We have long been accustomed to living in a world in which those under five outnumber those over sixty-five. Well, not anymore. Thanks to better health and a declining birthrate in the United States and other developed countries, that ratio has been turned upside down. That is what I learned from a National Geographic article by
by the year 2050 (31 years from now), there will actually be twice as many seniors as kids. That means that those of you in the industry who are now between the ages of 21 and 30 and plan to stay in the toy business are going to be part of a toy industry that will have to work with a continually declining birthrate. Why, because as of now, no country that has had a declining birthrate (Japan, US, European Union, Russia and more) has reversed its decline. It appears that fewer births per household and a growing number of centenarians has become the new normal.
So, what can the toy industry do to prepare? I recommend three things:
1. Begin the process of disconnecting the concept of toys and play from being one solely linked to children to one linked to people of all ages.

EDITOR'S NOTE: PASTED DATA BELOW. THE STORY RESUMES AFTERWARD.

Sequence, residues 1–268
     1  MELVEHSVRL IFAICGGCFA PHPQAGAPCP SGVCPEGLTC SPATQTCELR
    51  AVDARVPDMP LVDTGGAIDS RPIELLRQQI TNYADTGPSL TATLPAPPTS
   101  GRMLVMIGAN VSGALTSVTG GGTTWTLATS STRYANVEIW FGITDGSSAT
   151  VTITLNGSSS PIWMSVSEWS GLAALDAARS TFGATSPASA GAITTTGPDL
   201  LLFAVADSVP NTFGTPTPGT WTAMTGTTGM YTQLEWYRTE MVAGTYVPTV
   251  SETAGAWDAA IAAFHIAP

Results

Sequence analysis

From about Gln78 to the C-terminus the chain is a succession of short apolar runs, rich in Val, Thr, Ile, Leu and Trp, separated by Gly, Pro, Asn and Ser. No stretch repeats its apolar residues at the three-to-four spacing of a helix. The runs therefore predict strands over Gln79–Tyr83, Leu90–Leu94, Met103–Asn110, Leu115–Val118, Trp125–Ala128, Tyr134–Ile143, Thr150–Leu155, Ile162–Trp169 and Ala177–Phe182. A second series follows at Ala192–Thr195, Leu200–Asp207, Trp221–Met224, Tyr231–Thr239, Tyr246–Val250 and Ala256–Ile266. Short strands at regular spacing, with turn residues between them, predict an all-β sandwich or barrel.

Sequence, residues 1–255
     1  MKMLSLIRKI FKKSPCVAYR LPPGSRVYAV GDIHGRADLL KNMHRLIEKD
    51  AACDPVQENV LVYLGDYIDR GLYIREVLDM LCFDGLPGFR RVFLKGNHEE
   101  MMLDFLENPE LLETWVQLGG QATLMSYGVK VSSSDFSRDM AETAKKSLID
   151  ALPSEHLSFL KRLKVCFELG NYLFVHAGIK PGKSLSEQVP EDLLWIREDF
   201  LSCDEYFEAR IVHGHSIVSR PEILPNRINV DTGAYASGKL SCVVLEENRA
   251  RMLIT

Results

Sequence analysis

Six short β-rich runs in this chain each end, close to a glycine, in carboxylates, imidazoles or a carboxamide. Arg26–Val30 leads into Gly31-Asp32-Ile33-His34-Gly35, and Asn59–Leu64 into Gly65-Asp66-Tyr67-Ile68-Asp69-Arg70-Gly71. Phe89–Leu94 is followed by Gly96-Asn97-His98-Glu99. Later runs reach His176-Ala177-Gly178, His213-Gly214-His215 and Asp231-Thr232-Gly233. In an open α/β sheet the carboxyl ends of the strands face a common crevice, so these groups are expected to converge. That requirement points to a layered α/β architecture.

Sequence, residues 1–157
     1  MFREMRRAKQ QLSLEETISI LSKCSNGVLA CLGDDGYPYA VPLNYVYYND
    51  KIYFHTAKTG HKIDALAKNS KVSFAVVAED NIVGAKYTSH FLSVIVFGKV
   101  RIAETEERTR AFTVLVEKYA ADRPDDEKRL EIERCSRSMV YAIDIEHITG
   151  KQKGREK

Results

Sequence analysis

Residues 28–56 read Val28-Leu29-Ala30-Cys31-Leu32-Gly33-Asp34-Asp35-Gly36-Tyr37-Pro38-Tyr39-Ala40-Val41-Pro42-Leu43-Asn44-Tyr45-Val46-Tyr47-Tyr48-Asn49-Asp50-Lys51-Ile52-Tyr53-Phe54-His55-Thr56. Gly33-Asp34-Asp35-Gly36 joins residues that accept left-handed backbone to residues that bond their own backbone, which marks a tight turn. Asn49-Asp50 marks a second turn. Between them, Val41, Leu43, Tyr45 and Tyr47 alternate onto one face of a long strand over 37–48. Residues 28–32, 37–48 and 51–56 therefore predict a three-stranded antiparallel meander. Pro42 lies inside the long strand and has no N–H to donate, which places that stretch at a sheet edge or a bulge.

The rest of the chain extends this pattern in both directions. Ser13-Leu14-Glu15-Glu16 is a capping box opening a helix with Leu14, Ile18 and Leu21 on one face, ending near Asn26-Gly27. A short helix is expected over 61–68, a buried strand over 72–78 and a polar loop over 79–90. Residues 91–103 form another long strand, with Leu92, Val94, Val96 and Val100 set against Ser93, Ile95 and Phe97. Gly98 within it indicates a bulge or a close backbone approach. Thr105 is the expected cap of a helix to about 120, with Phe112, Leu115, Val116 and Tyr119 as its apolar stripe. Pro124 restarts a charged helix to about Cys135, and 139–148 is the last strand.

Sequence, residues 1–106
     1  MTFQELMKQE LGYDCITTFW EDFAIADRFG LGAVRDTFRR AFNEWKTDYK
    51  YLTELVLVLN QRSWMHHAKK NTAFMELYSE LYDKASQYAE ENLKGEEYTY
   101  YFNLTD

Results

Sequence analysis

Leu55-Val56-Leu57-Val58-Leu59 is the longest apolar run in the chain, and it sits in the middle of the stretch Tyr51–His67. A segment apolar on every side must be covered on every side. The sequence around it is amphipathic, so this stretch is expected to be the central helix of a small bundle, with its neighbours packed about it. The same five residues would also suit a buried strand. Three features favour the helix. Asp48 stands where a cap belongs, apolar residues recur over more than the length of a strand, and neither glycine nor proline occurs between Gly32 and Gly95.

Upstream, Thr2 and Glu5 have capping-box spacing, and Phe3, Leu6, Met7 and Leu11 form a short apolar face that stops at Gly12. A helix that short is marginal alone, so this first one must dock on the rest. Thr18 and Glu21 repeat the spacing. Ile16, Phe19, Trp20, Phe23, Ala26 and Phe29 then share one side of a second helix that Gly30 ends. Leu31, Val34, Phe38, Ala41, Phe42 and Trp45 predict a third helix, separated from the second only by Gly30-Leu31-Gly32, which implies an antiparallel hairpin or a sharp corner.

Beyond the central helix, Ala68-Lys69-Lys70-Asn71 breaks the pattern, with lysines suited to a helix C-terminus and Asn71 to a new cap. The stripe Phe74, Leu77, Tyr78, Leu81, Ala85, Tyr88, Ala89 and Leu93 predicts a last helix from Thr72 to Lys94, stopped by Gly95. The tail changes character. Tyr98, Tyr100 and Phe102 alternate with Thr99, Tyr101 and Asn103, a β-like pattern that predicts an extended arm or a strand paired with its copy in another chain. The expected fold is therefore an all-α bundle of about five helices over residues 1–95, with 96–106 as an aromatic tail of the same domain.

2. Determine what games and toys most appeal to older people. And while we are at it, what packaging, marketing, materials, etc. work the best in getting them to make a purchase and enjoy it once they get it home.
3. With fewer children, we are going to have to increase the average retail price in order to make up for the reduced numbers. That will mean moving away from the paradigm we have lived with since the 1950s, price-driven, plastic toys to one that features an emphasis on durability and premium pricing. Say goodbye to landfill and hello to legacy.
Do you share this vision of the future? If you don't, what do you see coming? If you do, what do you think we should do to get ready?